Warning to Hotmail and Google users of fake parcel messages

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Al - Anbat -Hamad Al-hmaisat

A British electronic monitoring company has warned Hotmail and Google Mail users of the spread of dangerous emails claiming the need to hurry to receive a parcel.  The new warning came to put users of the two networks "on alert" about fake messages, claiming to be from the delivery company "UPS", according to the British newspaper "Daily Express".

The University newspaper, on Sunday report, noted that the warning came from an "Action Fraud" company that said it had received nearly 1,700 reports about the email within just one week, claiming that the recipient delivered the message from the company and that the parcel corresponded on  The image shown in the image.  In its warning, the company said: "To demand expulsion, the application is launched to a website and the Internet and its personal data is released.”


Also, "But this is all part of a complex scam to steal personal information from the victim, as the websites to which email users are directed are designed to collect personal and financial information, which can then be used for identity fraud or money theft from the victim," added to that . In its statement, the company said the emails claim that the recipient missed delivery and had a package waiting, and that they should quickly claim it, adding: "The links in the emails are designed to steal personal and financial information."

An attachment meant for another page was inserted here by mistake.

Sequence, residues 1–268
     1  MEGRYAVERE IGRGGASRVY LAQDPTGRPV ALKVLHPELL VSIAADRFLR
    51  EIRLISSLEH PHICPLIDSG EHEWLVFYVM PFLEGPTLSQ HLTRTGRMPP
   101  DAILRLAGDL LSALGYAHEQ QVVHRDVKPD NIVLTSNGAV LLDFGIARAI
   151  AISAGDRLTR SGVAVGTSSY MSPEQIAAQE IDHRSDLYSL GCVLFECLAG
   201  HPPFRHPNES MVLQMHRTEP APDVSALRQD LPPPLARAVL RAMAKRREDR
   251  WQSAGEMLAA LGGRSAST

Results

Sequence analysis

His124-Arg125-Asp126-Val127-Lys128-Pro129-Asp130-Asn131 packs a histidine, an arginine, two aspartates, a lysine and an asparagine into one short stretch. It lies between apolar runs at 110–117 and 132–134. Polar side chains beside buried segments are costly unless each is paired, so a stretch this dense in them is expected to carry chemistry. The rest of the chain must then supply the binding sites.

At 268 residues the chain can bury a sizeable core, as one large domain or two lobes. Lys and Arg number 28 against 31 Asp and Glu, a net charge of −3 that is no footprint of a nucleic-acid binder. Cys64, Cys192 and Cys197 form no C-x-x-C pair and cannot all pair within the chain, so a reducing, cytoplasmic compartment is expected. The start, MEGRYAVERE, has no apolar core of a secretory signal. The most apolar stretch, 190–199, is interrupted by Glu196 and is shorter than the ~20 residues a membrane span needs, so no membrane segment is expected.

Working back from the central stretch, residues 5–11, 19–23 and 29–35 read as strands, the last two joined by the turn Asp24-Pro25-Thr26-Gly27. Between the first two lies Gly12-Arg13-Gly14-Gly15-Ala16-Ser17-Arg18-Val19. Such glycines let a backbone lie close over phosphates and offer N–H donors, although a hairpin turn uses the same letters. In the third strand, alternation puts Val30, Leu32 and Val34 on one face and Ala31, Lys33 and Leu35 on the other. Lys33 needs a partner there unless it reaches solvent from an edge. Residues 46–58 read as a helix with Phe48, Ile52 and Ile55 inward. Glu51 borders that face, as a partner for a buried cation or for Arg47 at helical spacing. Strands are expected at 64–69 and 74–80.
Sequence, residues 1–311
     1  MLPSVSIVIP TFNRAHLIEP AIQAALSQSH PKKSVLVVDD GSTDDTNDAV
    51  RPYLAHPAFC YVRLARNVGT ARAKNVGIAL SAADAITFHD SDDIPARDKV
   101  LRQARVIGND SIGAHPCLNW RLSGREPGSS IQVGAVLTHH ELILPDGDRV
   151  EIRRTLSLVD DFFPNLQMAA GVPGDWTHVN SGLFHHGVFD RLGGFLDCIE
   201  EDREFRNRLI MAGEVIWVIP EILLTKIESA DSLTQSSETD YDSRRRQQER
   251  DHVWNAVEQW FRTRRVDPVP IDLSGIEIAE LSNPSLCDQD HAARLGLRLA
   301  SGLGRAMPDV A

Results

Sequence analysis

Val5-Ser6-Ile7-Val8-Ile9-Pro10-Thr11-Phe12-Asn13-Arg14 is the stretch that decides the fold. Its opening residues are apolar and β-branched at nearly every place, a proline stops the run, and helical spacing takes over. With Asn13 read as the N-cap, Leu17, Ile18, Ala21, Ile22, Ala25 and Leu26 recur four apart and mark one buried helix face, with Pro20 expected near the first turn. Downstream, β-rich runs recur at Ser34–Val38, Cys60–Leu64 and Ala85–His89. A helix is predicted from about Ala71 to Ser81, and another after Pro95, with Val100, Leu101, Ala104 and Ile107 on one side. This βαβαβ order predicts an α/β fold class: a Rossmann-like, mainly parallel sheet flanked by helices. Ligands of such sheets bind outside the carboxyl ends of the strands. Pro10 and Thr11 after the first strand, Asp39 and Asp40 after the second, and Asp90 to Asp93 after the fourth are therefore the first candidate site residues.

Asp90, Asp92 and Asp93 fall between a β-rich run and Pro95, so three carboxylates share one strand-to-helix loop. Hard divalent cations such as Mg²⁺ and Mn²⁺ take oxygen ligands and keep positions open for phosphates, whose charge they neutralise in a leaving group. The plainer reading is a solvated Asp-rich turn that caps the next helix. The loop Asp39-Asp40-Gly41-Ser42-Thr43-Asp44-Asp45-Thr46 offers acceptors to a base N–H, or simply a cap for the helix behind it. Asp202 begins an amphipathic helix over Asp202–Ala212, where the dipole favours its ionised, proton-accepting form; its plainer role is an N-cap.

An example of a fraudulent email was uncovered by Action Fraud, the UK's national fraud and cybercrime reporting centre, and there are a few clear signs that the email is not what it appears to be.  She explained that the first sign of the letter's falsity was that the alleged UPS logo was clearly not real as it said IPS instead of UPS, and that there was also a typo in the email - which shouldn't be the case with official correspondence from well-known companies.

And UPS itself usually offers advice on its website on how to spot scams, and recently cautioned that customers will never be asked to provide details such as personal or financial information in an email.  "Please note that UPS does not request unsolicited payments, personal information, financial information, account numbers, IDs, passwords, or copies of invoices via email, mail, telephone, fax, or specifically in return for the transportation of merchandise.  or services.”
 
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